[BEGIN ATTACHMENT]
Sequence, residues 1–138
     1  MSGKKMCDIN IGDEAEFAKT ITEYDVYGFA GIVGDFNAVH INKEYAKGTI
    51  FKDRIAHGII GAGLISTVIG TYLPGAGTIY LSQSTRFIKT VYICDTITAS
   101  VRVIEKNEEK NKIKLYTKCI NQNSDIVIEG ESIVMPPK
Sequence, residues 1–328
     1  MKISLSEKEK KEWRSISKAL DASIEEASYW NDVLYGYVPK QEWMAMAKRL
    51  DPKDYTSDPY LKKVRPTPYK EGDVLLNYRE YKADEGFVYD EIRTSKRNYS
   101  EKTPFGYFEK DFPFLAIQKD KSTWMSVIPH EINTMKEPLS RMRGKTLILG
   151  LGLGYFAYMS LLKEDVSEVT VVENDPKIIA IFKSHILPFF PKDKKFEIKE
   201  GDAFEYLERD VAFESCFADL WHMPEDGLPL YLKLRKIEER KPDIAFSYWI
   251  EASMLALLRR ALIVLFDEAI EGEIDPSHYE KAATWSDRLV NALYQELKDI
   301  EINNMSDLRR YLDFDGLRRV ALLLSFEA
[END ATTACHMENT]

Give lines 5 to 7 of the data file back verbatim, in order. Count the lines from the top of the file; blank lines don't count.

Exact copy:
Sequence, residues 1–328
     1  MKISLSEKEK KEWRSISKAL DASIEEASYW NDVLYGYVPK QEWMAMAKRL
    51  DPKDYTSDPY LKKVRPTPYK EGDVLLNYRE YKADEGFVYD EIRTSKRNYS